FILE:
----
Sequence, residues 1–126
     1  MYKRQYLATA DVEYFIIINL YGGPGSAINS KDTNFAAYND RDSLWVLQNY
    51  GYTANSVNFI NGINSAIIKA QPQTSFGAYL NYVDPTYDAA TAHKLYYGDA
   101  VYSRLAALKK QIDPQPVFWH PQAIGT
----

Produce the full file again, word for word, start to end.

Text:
Sequence, residues 1–126
     1  MYKRQYLATA DVEYFIIINL YGGPGSAINS KDTNFAAYND RDSLWVLQNY
    51  GYTANSVNFI NGINSAIIKA QPQTSFGAYL NYVDPTYDAA TAHKLYYGDA
   101  VYSRLAALKK QIDPQPVFWH PQAIGT